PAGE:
Friday, 24 August 2012

ROUTINE CREATIVITY


“When you're a kid, if you watch 'The Jeffersons' with your family at seven o'clock, it seems like a natural phenomenon, like the sun setting. The universe is a strange, strange place when all of a sudden you can't use your glass with the Bionic Woman on it any more.” 

Our Man said to himself he would take August off, and he has. And it's been Hell -- he hasn't written a thing worth keeping. He's coming round to the view that far from being constraining, routine is vital to creativity. Or put it this way, if he doesn't force himself to sit down in front of the computer for at least an hour or two every day, he just doesn't write. Without that discipline to stick to the routine, the routine distractions of life take over.

So be it. 

From September, Our Man is gonna grab that work ethic like a Puritan in heat, and dust off a few projects that have been tugging at his heart, including:
  • An essay on Tokyo Disneyland. He can barely bring himself to write it as his feelings toward the place are as, how you say, conflicted as those he has toward the Olympics, Japanese school sports days and North Korea. But write it he must as the research involved will provide background fodder for...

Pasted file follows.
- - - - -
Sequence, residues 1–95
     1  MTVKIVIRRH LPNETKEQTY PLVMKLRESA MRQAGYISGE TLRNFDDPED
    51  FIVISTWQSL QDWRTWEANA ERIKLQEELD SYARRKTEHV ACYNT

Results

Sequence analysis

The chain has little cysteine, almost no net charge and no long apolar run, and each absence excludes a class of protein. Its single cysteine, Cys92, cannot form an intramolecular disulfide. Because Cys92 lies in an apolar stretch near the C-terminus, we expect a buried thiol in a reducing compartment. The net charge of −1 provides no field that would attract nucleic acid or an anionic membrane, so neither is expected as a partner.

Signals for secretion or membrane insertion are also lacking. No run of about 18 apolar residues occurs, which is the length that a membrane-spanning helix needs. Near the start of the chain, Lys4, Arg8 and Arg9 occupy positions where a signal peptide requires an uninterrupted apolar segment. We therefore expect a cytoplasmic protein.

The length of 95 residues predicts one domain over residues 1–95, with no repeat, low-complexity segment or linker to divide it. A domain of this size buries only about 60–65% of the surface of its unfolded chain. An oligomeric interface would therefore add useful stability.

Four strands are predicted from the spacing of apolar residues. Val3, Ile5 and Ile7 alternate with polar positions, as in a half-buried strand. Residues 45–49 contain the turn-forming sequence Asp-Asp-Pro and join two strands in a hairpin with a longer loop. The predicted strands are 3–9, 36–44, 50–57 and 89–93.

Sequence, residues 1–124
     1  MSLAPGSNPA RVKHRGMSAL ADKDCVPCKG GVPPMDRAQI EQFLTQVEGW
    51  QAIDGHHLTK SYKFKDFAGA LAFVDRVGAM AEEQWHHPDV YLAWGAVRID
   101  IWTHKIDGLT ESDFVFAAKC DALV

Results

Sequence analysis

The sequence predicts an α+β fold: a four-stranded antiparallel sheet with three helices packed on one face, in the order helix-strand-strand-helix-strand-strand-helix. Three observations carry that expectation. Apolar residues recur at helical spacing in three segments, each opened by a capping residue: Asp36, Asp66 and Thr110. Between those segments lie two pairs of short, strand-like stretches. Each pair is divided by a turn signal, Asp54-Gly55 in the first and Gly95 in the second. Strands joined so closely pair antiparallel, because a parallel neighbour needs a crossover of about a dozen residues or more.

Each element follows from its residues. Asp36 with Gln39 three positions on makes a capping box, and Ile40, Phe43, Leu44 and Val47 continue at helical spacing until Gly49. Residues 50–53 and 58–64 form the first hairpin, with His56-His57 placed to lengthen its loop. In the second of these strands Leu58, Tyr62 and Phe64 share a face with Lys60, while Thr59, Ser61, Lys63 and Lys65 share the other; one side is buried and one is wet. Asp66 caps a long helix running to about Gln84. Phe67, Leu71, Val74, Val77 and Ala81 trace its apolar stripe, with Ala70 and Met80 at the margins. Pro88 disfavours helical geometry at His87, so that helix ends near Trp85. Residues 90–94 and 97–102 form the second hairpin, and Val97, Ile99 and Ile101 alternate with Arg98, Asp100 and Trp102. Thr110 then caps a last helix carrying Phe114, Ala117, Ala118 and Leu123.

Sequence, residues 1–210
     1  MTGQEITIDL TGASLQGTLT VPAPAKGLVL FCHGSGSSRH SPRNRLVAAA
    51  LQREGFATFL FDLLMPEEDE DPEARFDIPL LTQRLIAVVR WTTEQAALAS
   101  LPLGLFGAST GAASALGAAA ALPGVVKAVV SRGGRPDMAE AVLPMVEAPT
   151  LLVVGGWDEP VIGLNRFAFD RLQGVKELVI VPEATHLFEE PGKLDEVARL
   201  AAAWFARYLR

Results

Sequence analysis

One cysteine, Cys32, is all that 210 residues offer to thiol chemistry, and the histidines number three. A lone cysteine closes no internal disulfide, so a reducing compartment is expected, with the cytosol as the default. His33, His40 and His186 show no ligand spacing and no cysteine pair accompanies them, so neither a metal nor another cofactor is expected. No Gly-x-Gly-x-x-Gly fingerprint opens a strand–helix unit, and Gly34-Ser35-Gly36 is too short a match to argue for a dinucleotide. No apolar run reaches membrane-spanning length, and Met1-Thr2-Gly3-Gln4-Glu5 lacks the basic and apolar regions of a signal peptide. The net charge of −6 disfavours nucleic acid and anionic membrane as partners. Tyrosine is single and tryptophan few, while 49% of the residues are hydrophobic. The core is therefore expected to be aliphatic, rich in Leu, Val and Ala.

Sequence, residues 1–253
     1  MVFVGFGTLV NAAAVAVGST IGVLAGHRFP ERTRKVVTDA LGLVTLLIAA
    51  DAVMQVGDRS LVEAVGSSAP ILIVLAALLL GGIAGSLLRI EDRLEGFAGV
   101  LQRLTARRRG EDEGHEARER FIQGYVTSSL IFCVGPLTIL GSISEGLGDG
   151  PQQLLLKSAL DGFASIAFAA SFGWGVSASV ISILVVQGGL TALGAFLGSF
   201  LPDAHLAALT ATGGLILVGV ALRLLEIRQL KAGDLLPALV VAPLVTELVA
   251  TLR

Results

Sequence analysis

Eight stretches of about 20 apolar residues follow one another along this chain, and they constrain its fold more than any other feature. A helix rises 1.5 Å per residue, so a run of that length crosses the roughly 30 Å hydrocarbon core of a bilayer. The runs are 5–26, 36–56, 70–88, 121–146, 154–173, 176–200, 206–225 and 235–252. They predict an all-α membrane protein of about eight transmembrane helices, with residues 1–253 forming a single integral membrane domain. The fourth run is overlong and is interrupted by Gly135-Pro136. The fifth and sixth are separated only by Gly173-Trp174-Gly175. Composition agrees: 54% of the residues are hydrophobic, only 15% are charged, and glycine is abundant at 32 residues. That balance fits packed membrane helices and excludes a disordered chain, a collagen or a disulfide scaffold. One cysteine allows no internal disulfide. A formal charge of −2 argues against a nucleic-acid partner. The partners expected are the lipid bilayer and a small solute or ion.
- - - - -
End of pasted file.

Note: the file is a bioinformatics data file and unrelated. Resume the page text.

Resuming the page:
• The sequel to Hana Walker's Half-Life 2:46... codenamed Escape. Our Man has already written the bare bones of Chapter 1 -- as a 500-word short story for Kimie Cat's fiction contest; he knows how the book's gonna end and he's got the hang of using italics, so the rest is just about routine, aka putting-backside-in-chair-and-getting-off-twitter.
  • Inputting corrections to Half-Life and How to Write About Japan (notably confusion between a moose and a mousse) and exploring non-Amazon ways to get the books out, including...
  • Publishing a print version of Half-Life.
  • Start work on a long-term literary-ish project, so dastardly, so unlikely, so half-baked that it doesn't even have a code name yet.
BTW, Our Man took this pic late last night on the meander home in the tunnel under the tracks that Hana Walker ran barefoot through in her book, as Our Man is sure you all remember, ahem.

Carry on.

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